Category Archives: secondary mortgage market

The Not-So-Stealthy Attack on Americans

During this something less than merry Month of May the United States Senate is scheduled to take up the Regulatory Accountability Act which will make it all but impossible for our own government to protect citizens (and citizen consumers) from corporate depredation.  We have a warning:

“Among its most egregious provisions, the RAA sets an impossibly high burden of proof that agencies would have to meet before finalizing and implementing a new rule, such as a new air quality or food safety standard. The bill also requires agencies to conduct several rounds of cost-benefit analyses that give more weight to the compliance costs to industry than the benefits to Americans. Taken together, these provisions and others in the bill could lead to total gridlock in the agencies charged with protecting the food we eat, the water we drink, and the air we breathe; ensuring that products are safe before they enter the market; and reining in the worst financial market abuses.”

Interestingly enough the Big Corporate Interests don’t even bother to mention “small businesses” in their push — read shove — for this anti-consumer, anti-worker, anti-Main Street bit of legislation.

A better label would be the Unaccountability Act of 2017 — in that corporations would be protected from citizens who like drinking clean water and breathing clean air, eating healthy and uncontaminated food, driving safe cars, and being reasonably assured that Wall Street investment interests aren’t pulling a “de-regulation” extravaganza that could make the debacle of 2007-2008 seem mild by comparison.

If you enjoyed the scandals of Enron, the predatory behavior of Wells Fargo, the Great Recession brought on by Wall Street Casino operations — then you’ll love this draft to deregulate the major corporations.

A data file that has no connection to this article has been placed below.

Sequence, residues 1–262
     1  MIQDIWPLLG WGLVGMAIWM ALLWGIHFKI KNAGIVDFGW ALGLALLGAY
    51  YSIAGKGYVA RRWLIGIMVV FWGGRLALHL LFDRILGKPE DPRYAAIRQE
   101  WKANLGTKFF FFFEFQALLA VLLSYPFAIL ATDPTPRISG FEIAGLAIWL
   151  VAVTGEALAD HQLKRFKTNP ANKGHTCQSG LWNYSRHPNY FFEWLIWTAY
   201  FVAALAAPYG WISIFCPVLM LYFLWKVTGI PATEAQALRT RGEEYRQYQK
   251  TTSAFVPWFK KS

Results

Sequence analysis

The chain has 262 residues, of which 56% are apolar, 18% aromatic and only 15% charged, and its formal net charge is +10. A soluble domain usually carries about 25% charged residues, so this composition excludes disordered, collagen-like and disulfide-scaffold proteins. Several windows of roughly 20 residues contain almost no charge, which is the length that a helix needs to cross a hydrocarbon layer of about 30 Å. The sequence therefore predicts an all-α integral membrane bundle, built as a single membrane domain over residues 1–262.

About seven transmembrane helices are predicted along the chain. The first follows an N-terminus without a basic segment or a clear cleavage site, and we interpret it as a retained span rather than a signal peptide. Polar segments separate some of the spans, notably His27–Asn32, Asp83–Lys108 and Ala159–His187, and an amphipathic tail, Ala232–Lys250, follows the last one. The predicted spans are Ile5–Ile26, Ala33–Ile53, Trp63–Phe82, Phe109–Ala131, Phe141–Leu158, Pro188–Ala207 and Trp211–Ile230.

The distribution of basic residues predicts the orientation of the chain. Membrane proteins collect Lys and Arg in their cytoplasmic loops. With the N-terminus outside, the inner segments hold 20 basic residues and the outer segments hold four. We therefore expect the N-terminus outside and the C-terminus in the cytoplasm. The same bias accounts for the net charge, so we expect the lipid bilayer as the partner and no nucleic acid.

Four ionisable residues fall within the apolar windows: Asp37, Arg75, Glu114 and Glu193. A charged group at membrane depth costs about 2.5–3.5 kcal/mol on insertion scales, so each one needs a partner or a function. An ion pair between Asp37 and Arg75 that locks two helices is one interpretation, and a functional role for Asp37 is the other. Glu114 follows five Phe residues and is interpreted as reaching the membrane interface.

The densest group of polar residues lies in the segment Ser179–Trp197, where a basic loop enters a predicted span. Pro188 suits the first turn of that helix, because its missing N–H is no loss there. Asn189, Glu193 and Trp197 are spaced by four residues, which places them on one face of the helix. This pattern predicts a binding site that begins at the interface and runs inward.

On the other hand if one is appalled by the “Screw Grandma Milly” antics of the Enron crowd, if one isn’t concerned that the bank isn’t surreptitiously opening accounts (and charging fees) like Wells Fargo, or if one isn’t concerned that mortgages might be oversold, and fed into another giant bubble of derivative trading — then a phone call to the Solons of the Senate is required.

As the machinations of the Russians, the squirming of the administration, and the daily deluge of tweets from Dear Leader, suck the air out of the room, beware that major corporate interests are working through the halls of Congress.

This is the time to contact our Senators, Senator Dean Heller (who has made no secret of his affinity for deregulation) and Senator Catherine Cortez-Masto who is more likely to be amenable to the concerns of ordinary citizens.  The so-called “Regulatory Accountability” is nothing more than a not-so-stealthy attack on ordinary Americans by extraordinarily powerful corporate interests.

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Filed under conservatism, consumers, Economy, Enron, financial regulation, Heller, Nevada politics, Politics, public safety, secondary mortgage market, subprime mortgages

Advice from The Strip to Wall Street

Nevadans understand gambling.  We bend over backwards to be hospitable to those who want to push buttons on our machines and enjoy the games on our tables.  We advertise it, we oversee it, and we are pleased to be one of the entertainment centers of the world.  We have large fancy casino resorts, and we have small pub-like local bars with enticing machines.  We support many of our public services from the revenue gaming produces.  However, enjoy it as we do we also know it from living with gaming 24/7/365.   There are two general rules we should share with you.

What happens in Vegas doesn’t necessarily stay in Vegas. No, we won’t advertise what you did — but that doesn’t mean your friends and associates won’t.  If you aren’t certain about this concept please contact Prince Harry’s public relations staff.  So, Wall Street, when your presidential candidate of choice makes disparaging comments about 47% of the country’s population at a donors’ dinner please don’t be surprised when the pictures and sound show up on the Internet.